glove controller

I built my glove controller while in residence at IRCAM, as part of the "Real-Time Systems" team. Originally conceived of as a data glove to wear while I play clarinet and saxophone (it was designed in a particular way to make this possible), I later turned to using it on its own. As a performance instrument I found it to be incredibly expressive -- something akin to the sensation of singing.

The glove is worn on the right hand, and uses Force-Sensitive-Resistors (FSRs) on the fingertips, bend sensors, and an accelerometer to sense finger, hand, and arm gesture. Analog processing is done by a pair of custom-built analog-to-digital interfaces, and software mapping is done via MAX running on a Macintosh.

An infrared sensor is used as an additional component of the system. This device is manipulated by the left hand, wearing another glove with reflective material attached. The left hand is used to control macro-behavior of the glove-controller mappings; together the two gloves create a multi-modal controller where large-scale structure is controlled by the left hand, and fine detail is controlled by the right.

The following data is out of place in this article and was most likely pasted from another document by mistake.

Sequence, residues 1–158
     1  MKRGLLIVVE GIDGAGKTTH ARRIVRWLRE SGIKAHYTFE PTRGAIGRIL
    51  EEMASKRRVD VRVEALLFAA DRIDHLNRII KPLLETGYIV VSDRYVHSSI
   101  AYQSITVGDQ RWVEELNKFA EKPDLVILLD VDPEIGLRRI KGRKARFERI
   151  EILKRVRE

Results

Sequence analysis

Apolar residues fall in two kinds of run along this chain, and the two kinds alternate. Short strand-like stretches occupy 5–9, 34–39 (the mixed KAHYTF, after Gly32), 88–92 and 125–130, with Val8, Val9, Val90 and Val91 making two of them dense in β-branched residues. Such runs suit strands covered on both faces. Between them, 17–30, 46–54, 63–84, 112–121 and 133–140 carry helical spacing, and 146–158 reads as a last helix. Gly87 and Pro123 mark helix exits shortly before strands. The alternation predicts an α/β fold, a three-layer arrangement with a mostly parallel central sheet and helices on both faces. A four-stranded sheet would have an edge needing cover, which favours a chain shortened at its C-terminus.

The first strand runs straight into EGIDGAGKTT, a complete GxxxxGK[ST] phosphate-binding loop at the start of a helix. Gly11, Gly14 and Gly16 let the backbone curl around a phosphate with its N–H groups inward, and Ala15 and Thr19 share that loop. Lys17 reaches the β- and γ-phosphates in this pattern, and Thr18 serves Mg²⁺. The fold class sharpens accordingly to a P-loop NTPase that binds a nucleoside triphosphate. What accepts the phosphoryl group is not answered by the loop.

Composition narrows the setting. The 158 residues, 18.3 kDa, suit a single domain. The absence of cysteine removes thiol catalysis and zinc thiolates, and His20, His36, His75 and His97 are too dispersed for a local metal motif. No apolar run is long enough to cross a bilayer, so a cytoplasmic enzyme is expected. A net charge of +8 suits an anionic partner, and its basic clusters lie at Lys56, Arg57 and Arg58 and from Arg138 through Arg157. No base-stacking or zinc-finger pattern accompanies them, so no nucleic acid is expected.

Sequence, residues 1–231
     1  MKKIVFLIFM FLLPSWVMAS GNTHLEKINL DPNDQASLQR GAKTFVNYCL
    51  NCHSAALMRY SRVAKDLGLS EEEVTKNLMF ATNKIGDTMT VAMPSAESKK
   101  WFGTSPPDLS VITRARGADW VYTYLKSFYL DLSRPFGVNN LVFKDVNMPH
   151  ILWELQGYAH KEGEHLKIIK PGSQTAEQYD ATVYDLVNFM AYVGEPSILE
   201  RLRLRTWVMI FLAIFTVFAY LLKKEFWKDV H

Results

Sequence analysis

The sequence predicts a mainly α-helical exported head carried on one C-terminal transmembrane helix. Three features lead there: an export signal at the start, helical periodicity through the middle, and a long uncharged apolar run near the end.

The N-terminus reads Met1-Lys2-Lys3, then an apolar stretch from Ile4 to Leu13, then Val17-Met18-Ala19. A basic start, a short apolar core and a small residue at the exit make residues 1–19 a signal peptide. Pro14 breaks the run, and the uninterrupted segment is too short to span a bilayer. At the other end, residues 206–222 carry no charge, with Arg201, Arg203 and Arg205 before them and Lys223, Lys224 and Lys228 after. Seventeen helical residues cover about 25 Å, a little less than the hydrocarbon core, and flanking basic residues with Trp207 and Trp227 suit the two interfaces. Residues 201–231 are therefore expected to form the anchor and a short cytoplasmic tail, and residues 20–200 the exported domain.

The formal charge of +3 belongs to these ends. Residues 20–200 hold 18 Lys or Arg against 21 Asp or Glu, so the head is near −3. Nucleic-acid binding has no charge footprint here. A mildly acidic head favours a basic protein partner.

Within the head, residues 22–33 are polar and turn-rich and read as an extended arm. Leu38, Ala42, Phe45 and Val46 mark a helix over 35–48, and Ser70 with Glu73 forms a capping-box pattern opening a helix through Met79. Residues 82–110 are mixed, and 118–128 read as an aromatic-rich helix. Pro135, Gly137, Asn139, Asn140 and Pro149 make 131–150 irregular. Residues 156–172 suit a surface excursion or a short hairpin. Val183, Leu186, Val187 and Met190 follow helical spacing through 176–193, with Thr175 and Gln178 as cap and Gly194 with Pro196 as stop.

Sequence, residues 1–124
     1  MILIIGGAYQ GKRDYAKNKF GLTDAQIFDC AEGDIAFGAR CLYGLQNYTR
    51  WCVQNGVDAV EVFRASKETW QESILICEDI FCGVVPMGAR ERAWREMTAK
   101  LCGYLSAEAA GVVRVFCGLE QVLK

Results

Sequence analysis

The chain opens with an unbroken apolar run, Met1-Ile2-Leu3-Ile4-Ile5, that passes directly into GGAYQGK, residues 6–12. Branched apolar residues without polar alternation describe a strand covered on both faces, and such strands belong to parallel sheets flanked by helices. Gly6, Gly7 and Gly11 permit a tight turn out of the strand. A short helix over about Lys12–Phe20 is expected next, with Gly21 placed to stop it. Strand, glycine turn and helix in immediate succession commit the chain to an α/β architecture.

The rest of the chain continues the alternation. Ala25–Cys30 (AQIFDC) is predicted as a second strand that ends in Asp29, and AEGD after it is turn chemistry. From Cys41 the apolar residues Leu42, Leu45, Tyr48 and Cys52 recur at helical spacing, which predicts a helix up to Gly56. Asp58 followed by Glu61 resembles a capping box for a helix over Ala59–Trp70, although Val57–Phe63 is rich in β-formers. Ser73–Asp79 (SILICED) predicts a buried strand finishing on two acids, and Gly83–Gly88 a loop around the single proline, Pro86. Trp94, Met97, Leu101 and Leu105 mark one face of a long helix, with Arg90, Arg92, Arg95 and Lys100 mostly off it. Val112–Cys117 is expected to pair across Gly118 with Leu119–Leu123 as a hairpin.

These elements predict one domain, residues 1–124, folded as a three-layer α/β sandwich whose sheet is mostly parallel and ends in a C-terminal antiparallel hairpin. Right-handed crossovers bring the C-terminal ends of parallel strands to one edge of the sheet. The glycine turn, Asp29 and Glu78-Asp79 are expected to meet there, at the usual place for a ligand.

Typical performance gestures include fingertip pressure, rotation of the hand/arm, and various full-arm gestures ranging in speed and energy. Pieces are performed, and in a sense choreographed, by the motions required to initiate and control the sound material.

The pieces I have composed for the glove controller, such as Continuities (1997) and COLLIDE (2002), typically consist of a series of "scenes." These comprise various mapping configurations between gesture and sound. I am free to determine the duration of each scene; however, the succession of the scenes is fixed.

For an example of the glove controller in action, see the COLLIDE page on this site.